/sal"ee uy'/, n. (used with a pl. v.)(in ancient Rome) a college of priests of Mars and Quirinus who guarded the ancilia and led the festivities in their honor. Cf. ancile.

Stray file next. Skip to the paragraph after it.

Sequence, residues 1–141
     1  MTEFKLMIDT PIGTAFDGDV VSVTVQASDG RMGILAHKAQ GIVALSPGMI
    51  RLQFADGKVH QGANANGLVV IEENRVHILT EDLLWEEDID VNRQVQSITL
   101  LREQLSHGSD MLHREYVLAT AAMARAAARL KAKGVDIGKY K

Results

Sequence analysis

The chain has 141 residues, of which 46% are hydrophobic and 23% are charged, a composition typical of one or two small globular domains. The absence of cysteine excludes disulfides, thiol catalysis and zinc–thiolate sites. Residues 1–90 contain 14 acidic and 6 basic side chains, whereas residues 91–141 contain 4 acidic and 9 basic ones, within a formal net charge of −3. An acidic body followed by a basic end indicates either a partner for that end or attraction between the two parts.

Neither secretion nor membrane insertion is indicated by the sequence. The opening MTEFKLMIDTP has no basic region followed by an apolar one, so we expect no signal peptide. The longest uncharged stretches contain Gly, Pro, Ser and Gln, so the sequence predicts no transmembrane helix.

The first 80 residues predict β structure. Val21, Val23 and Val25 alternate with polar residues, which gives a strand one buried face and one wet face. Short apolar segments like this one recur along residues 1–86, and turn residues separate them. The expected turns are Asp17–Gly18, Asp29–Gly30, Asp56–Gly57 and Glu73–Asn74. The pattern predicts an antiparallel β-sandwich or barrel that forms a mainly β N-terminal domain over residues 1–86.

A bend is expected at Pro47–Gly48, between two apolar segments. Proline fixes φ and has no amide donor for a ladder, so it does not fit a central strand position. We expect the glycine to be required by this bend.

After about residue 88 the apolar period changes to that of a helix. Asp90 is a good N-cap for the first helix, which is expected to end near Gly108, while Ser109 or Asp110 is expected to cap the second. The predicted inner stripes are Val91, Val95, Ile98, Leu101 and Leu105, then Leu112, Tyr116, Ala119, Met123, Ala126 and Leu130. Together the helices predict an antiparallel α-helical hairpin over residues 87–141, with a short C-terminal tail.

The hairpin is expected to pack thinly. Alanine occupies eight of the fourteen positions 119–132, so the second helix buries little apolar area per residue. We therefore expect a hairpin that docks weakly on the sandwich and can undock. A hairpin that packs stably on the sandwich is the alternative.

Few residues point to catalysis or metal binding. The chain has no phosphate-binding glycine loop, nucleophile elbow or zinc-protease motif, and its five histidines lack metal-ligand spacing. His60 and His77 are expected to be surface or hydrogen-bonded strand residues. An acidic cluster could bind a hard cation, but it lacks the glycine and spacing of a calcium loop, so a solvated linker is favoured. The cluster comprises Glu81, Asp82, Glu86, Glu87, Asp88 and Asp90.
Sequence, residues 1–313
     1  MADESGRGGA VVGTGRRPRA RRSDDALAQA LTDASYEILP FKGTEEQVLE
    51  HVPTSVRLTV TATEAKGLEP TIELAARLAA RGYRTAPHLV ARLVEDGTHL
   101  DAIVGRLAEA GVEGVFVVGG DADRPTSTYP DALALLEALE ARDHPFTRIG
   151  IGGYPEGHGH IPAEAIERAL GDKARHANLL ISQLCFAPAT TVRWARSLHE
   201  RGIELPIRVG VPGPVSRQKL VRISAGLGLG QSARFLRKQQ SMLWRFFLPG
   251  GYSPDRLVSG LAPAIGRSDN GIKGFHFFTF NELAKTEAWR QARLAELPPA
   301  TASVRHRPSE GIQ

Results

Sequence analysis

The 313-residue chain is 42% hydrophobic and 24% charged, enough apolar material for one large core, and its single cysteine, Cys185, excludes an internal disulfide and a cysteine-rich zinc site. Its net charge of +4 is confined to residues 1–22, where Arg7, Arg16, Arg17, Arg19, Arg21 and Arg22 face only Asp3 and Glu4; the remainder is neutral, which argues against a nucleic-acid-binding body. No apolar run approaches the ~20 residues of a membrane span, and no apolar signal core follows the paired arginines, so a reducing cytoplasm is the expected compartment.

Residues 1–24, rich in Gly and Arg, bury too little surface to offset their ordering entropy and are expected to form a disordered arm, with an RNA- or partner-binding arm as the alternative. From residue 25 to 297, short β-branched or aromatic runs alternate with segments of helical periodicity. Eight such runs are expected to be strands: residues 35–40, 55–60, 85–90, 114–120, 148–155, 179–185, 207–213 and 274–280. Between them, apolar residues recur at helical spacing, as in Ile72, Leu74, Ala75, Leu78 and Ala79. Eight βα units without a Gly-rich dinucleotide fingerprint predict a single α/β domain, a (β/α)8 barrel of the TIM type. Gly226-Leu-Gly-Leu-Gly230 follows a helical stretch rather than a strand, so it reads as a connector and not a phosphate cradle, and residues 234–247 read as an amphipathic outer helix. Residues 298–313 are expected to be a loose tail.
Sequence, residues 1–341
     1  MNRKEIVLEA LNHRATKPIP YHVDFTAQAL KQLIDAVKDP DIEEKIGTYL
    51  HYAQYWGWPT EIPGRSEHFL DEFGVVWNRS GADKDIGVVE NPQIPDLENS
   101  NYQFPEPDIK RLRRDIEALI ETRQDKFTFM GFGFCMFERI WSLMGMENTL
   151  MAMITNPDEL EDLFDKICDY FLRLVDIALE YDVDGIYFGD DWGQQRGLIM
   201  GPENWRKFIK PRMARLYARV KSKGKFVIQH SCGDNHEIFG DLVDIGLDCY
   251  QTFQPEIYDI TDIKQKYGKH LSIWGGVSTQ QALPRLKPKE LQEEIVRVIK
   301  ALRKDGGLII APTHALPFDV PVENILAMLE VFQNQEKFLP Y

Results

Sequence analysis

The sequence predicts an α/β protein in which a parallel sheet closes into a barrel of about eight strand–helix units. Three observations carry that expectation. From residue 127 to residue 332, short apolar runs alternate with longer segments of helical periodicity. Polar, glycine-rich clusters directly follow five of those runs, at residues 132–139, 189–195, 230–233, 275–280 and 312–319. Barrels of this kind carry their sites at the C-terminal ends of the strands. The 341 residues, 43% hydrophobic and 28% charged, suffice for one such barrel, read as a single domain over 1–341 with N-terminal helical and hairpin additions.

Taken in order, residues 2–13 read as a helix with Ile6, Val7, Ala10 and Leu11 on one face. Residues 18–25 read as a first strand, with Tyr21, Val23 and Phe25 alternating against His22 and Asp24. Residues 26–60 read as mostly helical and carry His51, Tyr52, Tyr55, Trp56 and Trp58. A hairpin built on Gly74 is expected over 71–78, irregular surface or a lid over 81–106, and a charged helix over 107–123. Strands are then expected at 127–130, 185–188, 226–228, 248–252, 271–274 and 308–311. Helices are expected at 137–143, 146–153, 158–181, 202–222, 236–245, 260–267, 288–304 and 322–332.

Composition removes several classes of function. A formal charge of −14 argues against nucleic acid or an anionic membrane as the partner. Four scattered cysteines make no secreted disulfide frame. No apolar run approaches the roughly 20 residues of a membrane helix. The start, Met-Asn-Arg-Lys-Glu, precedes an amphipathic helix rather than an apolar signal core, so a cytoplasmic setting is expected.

* * *(Latin: “Dancers”), in ancient Italy, a priesthood usually associated with the worship of Mars, the god of war. Chapters of the priesthood existed in Rome and in other central Italian cities. The Salii, who were all born patricians, were usually young men with both parents living. Their resignation from the priesthood was common on the assumption of high political office, and vacancies were filled by co-option (vote of the Salii). The priests wore the archaic Roman war dress: a conical helmet and a short, red military cloak covering a bronze breastplate. They carried the figure-eight shield (ancile) and the old-fashioned long spear. The chief Salii festivals were held at the opening (March) and closing (October) of the summer campaigning season.In later times the character of the festivals changed, the ancilia coming to be regarded as magical relics and the priests' primitive chant as a community prayer on behalf of the Roman state.
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